Fetuses maintained in the mother’s body rely on her to provide warmth and regulate temperature. Most birds keep their eggs warm by using a specially vascularized area of skin (the brood patch), which transfers heat efficiently to the eggs. Even after hatching or birth, the young of many species cannot regulate body temperature very well, mainly because they are small (and lose heat quickly) and have limited energy resources. So, they must continue to be protected by their parents.

Because rat pups are born without hair, they have a hard time maintaining body temperature when exposed to cold. The rat mother keeps her pups protected in a warm nest and warms them with her own body heat. Newborn rat pups are able to generate heat by using brown-fat deposits like the one between the shoulder blades, shown in Figure 1a (Blumberg et al., 1997).

Figure 1  Physiological and Social Thermoregulation
(a) This infrared thermograph shows the dorsal surface of a 1-week-old rat pup oriented as shown in the inset. Areas of highest heat production are coded in orange and yellow, and the prominent yellow “hot spot” between the shoulder blades overlies a deposit of brown fat, a thermogenic (heat-producing) organ. When rat pups are placed in a cold environment, they begin producing heat by using brown fat. (b) Rat pups also use behavioral mechanisms to conserve heat. Animals push to the center of a litter to gain heat and move to the edge to cool off. Thus, an anesthetized pup will be left in the center during periods of high temperature and pushed to the edge when temperatures are low. (Part a courtesy of Mark S. Blumberg; b after Alberts, 1978.)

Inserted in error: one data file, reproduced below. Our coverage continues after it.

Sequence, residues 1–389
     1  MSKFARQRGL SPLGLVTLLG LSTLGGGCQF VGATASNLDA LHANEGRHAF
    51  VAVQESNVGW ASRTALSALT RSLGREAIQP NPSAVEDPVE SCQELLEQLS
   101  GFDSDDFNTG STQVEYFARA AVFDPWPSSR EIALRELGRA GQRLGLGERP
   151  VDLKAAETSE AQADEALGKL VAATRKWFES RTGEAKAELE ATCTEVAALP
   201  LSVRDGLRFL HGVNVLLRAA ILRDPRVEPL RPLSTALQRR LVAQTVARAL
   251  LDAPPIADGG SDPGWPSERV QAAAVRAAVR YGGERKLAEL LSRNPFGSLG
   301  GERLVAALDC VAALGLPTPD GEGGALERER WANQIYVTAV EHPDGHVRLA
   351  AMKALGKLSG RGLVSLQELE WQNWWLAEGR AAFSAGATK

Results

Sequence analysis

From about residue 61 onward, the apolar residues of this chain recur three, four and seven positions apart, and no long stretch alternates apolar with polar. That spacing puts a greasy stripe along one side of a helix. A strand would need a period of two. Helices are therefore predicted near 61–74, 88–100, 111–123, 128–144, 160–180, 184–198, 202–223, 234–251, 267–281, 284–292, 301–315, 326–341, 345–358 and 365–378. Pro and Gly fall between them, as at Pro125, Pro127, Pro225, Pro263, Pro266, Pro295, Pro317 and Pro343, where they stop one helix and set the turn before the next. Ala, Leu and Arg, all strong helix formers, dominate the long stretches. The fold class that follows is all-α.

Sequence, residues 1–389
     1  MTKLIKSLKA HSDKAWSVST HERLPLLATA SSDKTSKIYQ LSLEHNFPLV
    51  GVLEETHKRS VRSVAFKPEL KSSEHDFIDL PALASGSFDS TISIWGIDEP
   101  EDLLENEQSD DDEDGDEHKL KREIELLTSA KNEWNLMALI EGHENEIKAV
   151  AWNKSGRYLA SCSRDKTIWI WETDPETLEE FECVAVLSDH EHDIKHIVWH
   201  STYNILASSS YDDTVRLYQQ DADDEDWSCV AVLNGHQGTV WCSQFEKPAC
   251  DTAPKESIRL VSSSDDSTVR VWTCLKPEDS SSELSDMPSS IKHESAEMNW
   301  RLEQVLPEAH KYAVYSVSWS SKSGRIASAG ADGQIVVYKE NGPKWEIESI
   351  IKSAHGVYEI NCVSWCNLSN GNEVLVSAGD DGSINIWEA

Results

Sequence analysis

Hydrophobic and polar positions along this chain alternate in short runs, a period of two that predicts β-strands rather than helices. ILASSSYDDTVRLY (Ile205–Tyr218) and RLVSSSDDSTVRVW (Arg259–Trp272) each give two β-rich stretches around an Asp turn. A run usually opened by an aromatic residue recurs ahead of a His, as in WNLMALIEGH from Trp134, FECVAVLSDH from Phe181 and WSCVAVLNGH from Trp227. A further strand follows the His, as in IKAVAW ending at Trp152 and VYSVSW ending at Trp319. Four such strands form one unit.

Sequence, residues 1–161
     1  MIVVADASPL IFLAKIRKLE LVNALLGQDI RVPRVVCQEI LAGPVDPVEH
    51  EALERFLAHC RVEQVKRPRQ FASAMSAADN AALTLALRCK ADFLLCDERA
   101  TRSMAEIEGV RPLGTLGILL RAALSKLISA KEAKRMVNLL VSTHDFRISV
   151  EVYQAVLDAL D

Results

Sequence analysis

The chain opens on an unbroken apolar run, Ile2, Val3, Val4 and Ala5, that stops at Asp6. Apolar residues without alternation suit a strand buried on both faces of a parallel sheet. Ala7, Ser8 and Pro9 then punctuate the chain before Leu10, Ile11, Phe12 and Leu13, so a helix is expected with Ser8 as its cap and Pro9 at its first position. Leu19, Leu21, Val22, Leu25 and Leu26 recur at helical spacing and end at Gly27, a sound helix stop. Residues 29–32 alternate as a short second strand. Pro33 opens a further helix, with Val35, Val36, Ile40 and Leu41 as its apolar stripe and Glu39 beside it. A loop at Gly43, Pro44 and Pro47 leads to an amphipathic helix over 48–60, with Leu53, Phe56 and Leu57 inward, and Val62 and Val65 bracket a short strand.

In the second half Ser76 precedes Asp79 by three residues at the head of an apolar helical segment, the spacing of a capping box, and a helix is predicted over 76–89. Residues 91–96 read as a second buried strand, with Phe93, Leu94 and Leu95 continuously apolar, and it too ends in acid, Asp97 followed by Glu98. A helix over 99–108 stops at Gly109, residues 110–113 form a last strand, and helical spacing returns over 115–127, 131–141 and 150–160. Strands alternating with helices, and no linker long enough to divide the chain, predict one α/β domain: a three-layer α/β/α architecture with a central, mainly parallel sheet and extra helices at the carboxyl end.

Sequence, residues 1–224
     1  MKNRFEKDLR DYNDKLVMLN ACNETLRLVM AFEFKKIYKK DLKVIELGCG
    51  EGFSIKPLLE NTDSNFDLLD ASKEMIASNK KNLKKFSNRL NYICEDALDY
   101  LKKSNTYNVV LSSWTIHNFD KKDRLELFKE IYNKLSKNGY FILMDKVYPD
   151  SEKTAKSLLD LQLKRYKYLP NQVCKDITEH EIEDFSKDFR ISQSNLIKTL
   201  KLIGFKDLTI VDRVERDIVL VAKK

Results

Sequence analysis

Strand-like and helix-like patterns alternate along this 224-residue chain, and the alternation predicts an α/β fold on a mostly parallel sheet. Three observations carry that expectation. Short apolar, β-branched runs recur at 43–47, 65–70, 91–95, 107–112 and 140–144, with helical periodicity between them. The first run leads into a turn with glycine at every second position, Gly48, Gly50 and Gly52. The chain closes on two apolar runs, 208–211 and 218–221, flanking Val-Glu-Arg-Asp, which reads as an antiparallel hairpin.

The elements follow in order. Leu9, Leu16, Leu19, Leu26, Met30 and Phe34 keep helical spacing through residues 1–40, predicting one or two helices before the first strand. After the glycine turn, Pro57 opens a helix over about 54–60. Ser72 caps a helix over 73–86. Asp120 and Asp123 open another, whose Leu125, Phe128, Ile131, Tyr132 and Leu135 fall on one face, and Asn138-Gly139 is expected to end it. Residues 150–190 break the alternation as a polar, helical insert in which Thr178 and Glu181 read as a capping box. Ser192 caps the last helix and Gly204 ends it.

Nonetheless, one problem for newborn rats is insulating their hairless bodies to conserve the heat they generate. To tackle this problem, they huddle together (see Figure 1b). The effectiveness of this strategy is easily demonstrated: placed in a room-temperature environment, an isolated 5-day-old pup will soon cool to less than 30°C, but as part of a group of four, the same pup can maintain a temperature above 30°C for 4 hours or more (Alberts, 1978), while also using less metabolic fuel. Pups frequently change their positions in the huddle, regulating their temperature by moving to the inside or the outside of the clump. All the pups benefit from this cooperative thermoregulation.


Alberts, J. R. (1978). Huddling by rat pups: Multisensory control of contact behavior. Journal of Comparative and Physiological Psychology 92: 220–l230.

Blumberg, M. S., Sokoloff, G., and Kirby, R. F. (1997). Brown fat thermogenesis and cardiac rate regulation during cold challenge in infant rats. American Journal of Physiology 272: R1308–R1313.